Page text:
Homily - Homily Diamond Jubilee Dr John Carey Anniversary Mass Monday 13th Nov 2017

19 November 2017 


Diamond Jubilee of Ordination to the Priesthood

of the Reverend Doctor John Patrick Carey


Bishop Michael, Bishop Gerard, Monsignor Ted Wilkes, Father Richard Gleeson, David and Judith, Barbara and Don and their families, staff and pupils of St. Joseph’s School, brother priests, deacons and seminarians of the Diocese of Armidale, brothers and sisters in Christ.


The suite of readings Father John chose for this Mass, identify the fence lines which necessarily bind the lives of those who are called to share in the ministry of the Eternal High Priest: an anointing for purpose; a sacramental partnership with the Spirit of God, that makes us priests of the New Testament, like magnifying glasses for the burning heat of the Sun/Son; the requirement to abandon shame and deceitfulness so as to articulate the Word of God in His utter fulness; a demand that we empty ourselves out and have the resulting darkness filled with the light of the Holy Trinity of God, which shines in our very being, and then out to others, to the whole world; and to crown all these things, crucially, says Paul, we are destined to keep our feet of clay, and carry the Treasure about in vessels prone to severe damage. Magnifying the Lord, radiating His inextinguishable light, and stating the truth openly, being true servants, are all steps too far, unless it is clear that such an overwhelming power to teach, to shepherd, comes from God and not from us.


There is a sense in which John had a little bit of a head start in these humility stakes – humility, that adjunct gift born of the three theological virtues, Faith, Hope and Love. It seems it might help greatly if, in your Australian family tree, you can point to a convict ancestor, and like some of us, John can: to wit, his great grandfather, William Carey, sentenced to both Tasmania and Norfolk Island. The treasure we hold is not from ourselves, but is lavishly given to the sons and daughters of convicts and battlers, people who were separated from everything they had ever known and were forced to cross oceans for a misdemeanour; who turned loss into gain, came to a new place, and brought with them a treasure ever old and ever new. We have been, and are now, witnesses to the thriving of family and faith in the Carey and O’Connor families centred, thank God, in Catholic Armidale.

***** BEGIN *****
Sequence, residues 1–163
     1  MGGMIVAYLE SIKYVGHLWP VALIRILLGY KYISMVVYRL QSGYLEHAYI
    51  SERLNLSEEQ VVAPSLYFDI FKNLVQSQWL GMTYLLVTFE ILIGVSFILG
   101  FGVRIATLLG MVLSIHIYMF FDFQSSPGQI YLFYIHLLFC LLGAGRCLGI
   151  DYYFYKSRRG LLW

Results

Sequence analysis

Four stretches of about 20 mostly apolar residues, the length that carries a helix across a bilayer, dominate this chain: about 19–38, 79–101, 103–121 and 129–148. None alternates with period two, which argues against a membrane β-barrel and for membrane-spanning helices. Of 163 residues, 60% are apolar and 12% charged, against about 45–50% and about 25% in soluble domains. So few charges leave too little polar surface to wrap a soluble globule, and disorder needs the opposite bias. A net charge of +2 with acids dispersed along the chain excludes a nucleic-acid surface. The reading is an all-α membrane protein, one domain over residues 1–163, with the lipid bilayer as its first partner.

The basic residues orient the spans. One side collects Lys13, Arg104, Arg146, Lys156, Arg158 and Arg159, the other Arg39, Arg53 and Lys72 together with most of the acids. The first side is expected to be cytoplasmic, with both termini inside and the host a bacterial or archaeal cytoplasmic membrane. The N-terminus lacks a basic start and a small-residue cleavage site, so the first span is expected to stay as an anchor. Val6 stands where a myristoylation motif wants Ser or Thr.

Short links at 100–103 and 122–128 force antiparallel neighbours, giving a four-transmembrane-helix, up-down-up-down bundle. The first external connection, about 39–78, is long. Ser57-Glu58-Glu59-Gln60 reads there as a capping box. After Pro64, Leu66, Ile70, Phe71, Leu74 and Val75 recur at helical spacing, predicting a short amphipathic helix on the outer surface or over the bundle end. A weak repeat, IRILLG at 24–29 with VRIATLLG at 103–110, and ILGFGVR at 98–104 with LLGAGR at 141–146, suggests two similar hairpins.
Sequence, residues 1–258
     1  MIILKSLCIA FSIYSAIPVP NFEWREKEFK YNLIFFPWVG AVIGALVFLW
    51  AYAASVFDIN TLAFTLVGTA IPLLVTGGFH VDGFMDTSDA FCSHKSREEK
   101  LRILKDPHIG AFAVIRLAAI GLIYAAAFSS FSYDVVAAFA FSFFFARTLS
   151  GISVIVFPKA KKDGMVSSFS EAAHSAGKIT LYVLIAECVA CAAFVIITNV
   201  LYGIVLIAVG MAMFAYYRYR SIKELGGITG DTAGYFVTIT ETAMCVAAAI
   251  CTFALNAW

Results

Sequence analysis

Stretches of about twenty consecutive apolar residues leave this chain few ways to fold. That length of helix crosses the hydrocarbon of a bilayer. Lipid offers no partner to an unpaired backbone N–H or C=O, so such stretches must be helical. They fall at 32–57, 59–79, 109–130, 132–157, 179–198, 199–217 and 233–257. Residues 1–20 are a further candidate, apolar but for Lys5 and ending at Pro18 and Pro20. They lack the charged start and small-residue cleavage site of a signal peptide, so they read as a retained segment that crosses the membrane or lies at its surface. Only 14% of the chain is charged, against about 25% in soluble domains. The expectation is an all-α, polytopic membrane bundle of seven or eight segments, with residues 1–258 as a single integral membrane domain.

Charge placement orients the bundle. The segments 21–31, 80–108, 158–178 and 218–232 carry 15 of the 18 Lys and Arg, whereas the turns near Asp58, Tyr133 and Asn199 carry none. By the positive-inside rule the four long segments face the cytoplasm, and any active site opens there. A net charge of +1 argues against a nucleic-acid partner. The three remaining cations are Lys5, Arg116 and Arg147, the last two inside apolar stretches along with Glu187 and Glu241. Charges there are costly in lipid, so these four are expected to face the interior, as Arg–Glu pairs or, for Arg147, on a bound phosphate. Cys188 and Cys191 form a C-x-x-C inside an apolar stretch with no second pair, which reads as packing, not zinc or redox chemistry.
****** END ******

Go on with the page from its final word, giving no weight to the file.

This shepherd looks back, in gratitude, 60 years and more. In gratitude to Bishop Doody, who showed confidence in him, saw the promising seeds of faith, service, and intellect in this young man and, in 1951, sent the 17-year-old, John Carey, to Propaganda Fide College in Rome. Pius XII occupied the Chair of Peter, and John sat before his professors, with young men who would be future missionaries, parish priests, bishops, and cardinals. The Lord had long since begun the good work in him.

In 1958, Pius XII died. Father John was completing his Doctorate, having already gained a Licentiate in Theology. Pope John XXIII Roncalli was elected and very soon announced a General Council of the Church, now known as Vatican Council II. How could a new priest, an adopted Roman, and a man steeped in the Sacred Scriptures, not be invigorated?

God’s good work continued in him. John returned to Australia in 1959 after 8 years away, and was welcomed back as the first priest of the Diocese from Armidale City to have been ordained in Rome.

He echoed, at his welcome home, the outlying duties of a good shepherd, reflected in the invitation, Pope John had recently made, for prayer to be offered for the unity of Christians. John had been formed in the cosmopolitan Roman Church and understood the call of the Universal Priesthood of Jesus Christ.  The wind of ‘aggiornamento’ was at his back, even though the Vatican Council would not convene until 1962. No hired man here!

Father John’s first appointment was as Assistant Priest at St. Nicholas’. And no-one will mention cars! From 1959 until 1962, he was with Monsignor James Healy in Inverell. Next it was St. Mary’s, Tenterfield with Monsignor Dave Hiscox (a relation by marriage). John’s ultimate placement as Curate was to St. Francis Xavier, Moree. That appointment became one of Administrator, and after, he spent 12 years as Administrator at St. Nicholas’, 16-and-a-half years as Parish Priest of Uralla, and finally - his crowning glory - almost 18 years as Parish Priest of St. Patrick’s, Glen Innes.